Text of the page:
As a top tourist destination, leisure and hospitality (a sector that typically employs more women) are major drivers in the local economy. For example, The Walt Disney Co, the county’s largest employer, closed Disneyland for over a year during the pandemic. In the end, leisure and hospitality was the hardest hit sector and accounted for 40% of jobs lost during the pandemic.
Today, even with most businesses reopened and hiring, many would-be workers remain hesitant, unable, or even unwilling to return to their old jobs. Compared to its pre-pandemic peak, total employment is still down by five million jobs. Workers are actually quitting their jobs at rates never seen before.
“The landscape is totally different,” Profeta said. “Even just 10 years ago, most of our clients just wanted to get jobs. Maybe they were coming from a domestic abuse shelter, or had experienced long-term unemployment, or had just taken time off to raise kids. They just wanted to get back into the workforce. Today…they aren’t so anxious to go back. They’re taking their time returning because the opportunities they want aren’t there.”
She explained further that many of their clients want opportunities and job arrangements that allow them to provide better care for dependent family members. Even in their need and with minimum wage rising, they are less enticed by jobs that have rigid hours and little chances for career or personal growth.
Amber Wilson is a perfect example.
Wilson spent her entire adult career in the military, both as a non-commissioned officer in the Army and as a federal employee. Though she enjoys the work and is proud to be serving her country, being female in a male-dominated space and having her authority overlooked because she works out of uniform made the experience challenging. At the beginning of the pandemic, she was also a newlywed settling down in a new area, and because of the pandemic, she was unexpectedly activated. At that same time her wife, also military, was deployed.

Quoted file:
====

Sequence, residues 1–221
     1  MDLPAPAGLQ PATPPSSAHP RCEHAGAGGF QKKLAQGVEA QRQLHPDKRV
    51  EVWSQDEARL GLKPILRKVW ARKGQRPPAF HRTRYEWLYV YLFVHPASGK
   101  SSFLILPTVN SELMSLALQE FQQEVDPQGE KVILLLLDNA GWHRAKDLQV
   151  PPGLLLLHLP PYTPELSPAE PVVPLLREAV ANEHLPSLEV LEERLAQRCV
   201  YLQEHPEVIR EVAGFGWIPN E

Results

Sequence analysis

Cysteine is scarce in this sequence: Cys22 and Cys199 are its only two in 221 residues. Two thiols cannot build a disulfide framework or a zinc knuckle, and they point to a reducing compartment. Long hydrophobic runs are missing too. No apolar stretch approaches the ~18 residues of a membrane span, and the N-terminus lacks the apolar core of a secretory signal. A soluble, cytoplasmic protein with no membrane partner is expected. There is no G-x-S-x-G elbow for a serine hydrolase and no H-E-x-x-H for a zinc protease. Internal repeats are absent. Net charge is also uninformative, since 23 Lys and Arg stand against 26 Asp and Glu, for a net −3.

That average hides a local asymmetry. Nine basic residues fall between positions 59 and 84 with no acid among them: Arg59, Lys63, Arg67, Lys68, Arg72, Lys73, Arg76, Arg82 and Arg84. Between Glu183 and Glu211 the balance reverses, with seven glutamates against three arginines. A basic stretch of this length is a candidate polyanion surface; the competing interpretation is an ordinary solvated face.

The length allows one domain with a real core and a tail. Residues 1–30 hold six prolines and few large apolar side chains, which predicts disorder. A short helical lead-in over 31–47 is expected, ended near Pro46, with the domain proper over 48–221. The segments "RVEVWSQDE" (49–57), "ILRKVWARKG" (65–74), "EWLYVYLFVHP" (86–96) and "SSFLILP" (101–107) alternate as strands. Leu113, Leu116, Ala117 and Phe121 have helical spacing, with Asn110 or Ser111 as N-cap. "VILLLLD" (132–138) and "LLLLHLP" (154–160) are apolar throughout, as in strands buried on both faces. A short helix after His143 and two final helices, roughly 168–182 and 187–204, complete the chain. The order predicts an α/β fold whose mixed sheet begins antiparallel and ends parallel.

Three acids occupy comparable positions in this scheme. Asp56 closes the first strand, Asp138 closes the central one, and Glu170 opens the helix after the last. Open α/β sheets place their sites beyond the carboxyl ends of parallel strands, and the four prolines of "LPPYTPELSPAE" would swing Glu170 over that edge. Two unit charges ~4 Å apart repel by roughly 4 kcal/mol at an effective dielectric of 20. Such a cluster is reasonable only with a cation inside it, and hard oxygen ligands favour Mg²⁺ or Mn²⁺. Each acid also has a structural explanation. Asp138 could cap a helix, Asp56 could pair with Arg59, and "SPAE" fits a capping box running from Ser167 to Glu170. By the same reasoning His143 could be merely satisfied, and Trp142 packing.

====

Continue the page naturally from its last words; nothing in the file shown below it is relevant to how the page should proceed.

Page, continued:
“There was no time for me to get to know my neighbors or to make friends in the area or to be a part of the community before my activation,” Wilson said. “So when [my wife] got deployed I was like an island in the middle of nowhere… I felt very, very alone.”
Things came to a breaking point when she was asked to cover for a supervisor who didn’t want to come into the office. She sought help from a therapist and is actively looking for other opportunities. Though she hopes to find something within the federal system and is even willing to go down a paygrade (so she doesn’t lose her pension), she hasn’t ruled out other alternatives if they will allow her the structure and opportunity she needs.
When asked what she’s looking for in future employment Wilson is quick to respond.